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Connecticut Environmental Legislation: Setbacks, Frustrations and Future Plans

By Meghan PortfolioMay 17 , 2024

Hartford Portfolio

On Friday, May 10, the Connecticut League of Conservation Voters (CTLCV) teamed up with state lawmakers to review the environmental outcomes of the 2024 legislative session. At the meeting, attendees highlighted its achievements, but also vented their frustrations, particularly on the ‘pay striking workers over’ bill taking precedence over environmental issues.


While providing a platform for reflection, the meeting also offered a sneak peek into their 2025 agenda. Lori Brown, Executive Director of the CTLCV, opened the meeting with a stark admission: “Right off the bat, I must say that failing to pass the climate legislation for the second consecutive year was a severe blow to Connecticut’s environmental future.” 


Brown specifically highlighted a large omnibus climate bill, dubbed the “Green Monster,” which passed the House but failed to come up for a vote in the Senate. She expressed her concern that its failure raises “serious questions about our state’s ability to reach our climate goals.”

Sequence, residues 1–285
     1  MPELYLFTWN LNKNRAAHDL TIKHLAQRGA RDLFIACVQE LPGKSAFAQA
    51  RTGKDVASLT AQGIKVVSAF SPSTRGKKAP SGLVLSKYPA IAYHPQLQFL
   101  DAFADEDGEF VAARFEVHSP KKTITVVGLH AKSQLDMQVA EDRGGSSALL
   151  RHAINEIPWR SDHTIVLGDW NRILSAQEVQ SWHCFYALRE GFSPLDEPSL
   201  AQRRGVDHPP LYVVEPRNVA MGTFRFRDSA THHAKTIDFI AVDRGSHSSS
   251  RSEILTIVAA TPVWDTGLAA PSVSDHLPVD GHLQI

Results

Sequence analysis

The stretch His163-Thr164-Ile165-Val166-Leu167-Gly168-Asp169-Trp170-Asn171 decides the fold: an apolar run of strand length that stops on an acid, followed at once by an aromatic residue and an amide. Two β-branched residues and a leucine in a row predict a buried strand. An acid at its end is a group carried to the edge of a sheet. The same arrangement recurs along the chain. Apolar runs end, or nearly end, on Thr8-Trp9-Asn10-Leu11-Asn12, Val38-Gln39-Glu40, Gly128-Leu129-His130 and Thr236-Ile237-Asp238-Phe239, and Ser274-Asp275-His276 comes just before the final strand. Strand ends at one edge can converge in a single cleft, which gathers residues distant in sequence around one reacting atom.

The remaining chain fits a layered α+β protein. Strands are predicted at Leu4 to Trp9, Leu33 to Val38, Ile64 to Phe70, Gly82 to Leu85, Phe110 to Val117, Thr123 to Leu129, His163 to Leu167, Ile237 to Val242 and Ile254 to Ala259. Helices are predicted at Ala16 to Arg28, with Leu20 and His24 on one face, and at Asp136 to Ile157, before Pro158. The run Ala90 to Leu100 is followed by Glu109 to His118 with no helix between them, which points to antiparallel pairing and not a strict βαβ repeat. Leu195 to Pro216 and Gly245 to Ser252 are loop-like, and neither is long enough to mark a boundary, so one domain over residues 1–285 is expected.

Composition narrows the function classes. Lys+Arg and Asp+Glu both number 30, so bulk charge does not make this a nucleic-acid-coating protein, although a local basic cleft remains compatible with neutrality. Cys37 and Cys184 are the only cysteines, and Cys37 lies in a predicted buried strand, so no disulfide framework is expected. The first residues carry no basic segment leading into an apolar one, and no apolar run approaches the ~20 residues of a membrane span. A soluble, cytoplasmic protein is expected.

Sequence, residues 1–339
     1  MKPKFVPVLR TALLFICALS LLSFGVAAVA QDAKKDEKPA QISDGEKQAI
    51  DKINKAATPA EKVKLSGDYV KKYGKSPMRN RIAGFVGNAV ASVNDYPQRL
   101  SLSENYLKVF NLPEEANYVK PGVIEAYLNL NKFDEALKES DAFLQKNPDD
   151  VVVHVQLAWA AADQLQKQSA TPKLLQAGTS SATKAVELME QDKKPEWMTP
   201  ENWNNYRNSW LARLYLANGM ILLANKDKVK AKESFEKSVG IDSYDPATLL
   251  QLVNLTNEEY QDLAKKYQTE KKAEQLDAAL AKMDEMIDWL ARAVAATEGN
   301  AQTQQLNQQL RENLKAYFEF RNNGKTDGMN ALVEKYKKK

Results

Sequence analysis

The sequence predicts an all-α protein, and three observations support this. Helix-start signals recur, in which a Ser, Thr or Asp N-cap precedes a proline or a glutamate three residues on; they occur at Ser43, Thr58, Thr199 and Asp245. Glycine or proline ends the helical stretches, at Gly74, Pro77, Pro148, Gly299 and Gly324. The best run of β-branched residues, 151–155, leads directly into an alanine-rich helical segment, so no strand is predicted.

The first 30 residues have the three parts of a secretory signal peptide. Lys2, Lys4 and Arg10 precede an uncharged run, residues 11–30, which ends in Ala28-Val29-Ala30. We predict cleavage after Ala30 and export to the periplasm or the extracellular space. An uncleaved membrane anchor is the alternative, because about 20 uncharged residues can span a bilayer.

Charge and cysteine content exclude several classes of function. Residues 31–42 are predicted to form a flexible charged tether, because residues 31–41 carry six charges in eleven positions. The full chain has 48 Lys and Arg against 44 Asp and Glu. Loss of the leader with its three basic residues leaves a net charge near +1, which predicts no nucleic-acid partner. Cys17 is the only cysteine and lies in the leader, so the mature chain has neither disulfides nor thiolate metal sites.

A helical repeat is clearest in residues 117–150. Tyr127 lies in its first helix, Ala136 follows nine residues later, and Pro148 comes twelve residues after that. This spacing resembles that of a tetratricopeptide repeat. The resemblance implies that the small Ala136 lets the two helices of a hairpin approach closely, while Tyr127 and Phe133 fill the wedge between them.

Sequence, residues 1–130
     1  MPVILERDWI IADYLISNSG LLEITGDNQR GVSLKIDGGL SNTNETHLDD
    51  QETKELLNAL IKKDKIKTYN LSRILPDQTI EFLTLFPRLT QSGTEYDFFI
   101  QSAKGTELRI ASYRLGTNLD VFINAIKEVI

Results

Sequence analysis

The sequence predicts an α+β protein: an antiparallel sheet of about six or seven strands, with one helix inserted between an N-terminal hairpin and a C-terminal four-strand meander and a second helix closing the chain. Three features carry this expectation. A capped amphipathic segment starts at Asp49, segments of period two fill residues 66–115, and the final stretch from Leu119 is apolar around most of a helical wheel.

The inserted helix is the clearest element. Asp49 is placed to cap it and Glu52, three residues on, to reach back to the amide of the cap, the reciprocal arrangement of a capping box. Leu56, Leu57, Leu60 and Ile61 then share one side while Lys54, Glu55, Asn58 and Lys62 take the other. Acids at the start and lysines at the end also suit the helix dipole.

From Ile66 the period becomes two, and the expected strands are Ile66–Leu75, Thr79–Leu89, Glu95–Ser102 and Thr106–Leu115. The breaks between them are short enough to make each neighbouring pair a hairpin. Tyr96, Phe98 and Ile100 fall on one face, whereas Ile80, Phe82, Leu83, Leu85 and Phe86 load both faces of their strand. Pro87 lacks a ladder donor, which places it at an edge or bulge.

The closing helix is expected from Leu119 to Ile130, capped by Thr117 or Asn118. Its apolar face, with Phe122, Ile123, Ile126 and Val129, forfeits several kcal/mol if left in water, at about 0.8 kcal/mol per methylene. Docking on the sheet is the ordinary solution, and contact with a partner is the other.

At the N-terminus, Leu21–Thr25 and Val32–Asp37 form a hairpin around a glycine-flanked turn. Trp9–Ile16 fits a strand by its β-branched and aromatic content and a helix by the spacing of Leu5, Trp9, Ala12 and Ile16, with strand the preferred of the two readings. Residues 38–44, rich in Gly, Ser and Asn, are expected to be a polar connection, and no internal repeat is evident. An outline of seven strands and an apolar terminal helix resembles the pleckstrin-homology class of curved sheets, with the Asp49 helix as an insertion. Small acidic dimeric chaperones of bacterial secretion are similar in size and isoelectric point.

Rep. Christine Palm (D-Chester), the leading proponent for the “Green Monster,” also shared her deep frustration over its failure, a defeat she attributes to filibusters “squandering time” and the priority of big labor interests at the expense of her environmental concerns.


What Rep. Palm is referring to is a bill that underwent significant changes in the House on May 3rd, where the original text was replaced with a provision that established a “slush fund,” purportedly for “low-income” workers but intended to use tax dollars to pay workers choosing to go out on strike. The Senate called the bill on May 8th — during the final moments of the session — where it passed across party lines.